Question #2

I totally agree with your insurance post.  However, smaller insurances like contents and car is different from Life, Trauma, and TPD.  These are something that financial advisors really emphasise (I’m fully aware of their commissions etc.)

But I hope when you get some free time, you could write a post on these specific insurances.


Strong Money’s Answer:

Those bigger type insurances are different as you say.  These are very specific to the individual.

In my mind, there are two good options.  One is to hold those insurances inside super to allow maximum savings for investing and retiring early outside super.

The other option is to maintain low expenses and once some personal wealth is established, and ideally you’re financially independent, then you’re no longer reliant on work income etc.  So, this becomes your big bucket of insurance in case of illness, disability, or one spouse passes away etc.

Of course, there are also safety nets in place in terms of Medicare and disability benefits.  For people who are good at managing their finances, these are a very handy backup plan in themselves.  We pay taxes for these things and that’s what they’re there for, as a safety net.

But it really depends on the person/household, their risk tolerance, and how many things they want to cover against.  It’s not something I worry about, and while anything can happen, I’m just not interested in paying to insure against such risks.  If the worst occurs, we’ll simply draw on our savings as needed.


Question #3

Hi.  My wife and I have a net worth of $800k, which is a combination of Aussie investment properties and super.  We’re looking at investing overseas but worried about currency risk.  Any info would be great.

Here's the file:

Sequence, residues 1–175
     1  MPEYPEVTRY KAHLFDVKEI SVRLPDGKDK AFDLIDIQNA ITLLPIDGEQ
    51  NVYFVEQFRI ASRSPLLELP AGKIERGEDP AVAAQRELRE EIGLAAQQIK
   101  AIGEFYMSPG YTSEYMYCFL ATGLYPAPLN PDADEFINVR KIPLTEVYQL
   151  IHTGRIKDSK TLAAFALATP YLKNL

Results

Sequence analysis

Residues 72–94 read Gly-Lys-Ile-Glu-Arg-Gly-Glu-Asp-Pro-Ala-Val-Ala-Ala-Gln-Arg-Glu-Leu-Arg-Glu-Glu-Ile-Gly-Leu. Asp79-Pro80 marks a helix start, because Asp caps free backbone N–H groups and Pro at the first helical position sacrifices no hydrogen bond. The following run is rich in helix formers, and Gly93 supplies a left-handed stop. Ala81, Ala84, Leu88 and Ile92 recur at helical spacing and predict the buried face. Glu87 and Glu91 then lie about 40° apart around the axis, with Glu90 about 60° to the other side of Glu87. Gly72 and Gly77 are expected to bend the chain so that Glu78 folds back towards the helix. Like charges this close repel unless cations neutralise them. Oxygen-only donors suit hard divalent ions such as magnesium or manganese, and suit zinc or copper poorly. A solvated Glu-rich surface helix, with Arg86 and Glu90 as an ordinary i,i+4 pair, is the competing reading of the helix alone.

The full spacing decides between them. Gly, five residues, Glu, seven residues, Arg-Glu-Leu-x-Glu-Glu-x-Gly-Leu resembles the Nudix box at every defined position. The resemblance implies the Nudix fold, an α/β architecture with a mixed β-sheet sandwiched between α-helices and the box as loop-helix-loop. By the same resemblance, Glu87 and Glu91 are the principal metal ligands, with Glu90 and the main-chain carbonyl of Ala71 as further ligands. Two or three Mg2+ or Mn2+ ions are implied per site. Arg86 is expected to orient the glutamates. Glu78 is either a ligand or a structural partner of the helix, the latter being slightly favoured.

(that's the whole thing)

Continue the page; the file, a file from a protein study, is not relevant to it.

Strong Money’s Answer:

Currency risk is a massive topic – hard to distil to a couple of sentences, and not something I know tons about either!

You might have noticed in my post on Dividends and Diversification, we plan to increase our global share investments over time.  I could do this in two ways; hedged, or unhedged.

I’m choosing unhedged.  This means currency movements will affect my investments.  But this is also part of the diversification benefit, as explained in the post.

Choosing ‘hedged’ means your investment remains based in Aussie dollars.  This sounds better in some ways.  But usually it’s a little more expensive (as currency contracts are used and not free to implement), and is less tax efficient (as sometimes large gains are made on these contracts).

Unless investing a very large percentage of net worth overseas, unhedged tends to be the more diversified option.  It’s not something I worry about.  When one is investing steadily over time, as markets and currencies both fluctuate, the movements tend to have an averaging effect.

So I plan to keep it simple with unhedged shares given this increases our diversification since our savings are in mostly Aussie assets.  That’s my novice opinion on it, but there’s lots of debate and everyone tends to feel different about it.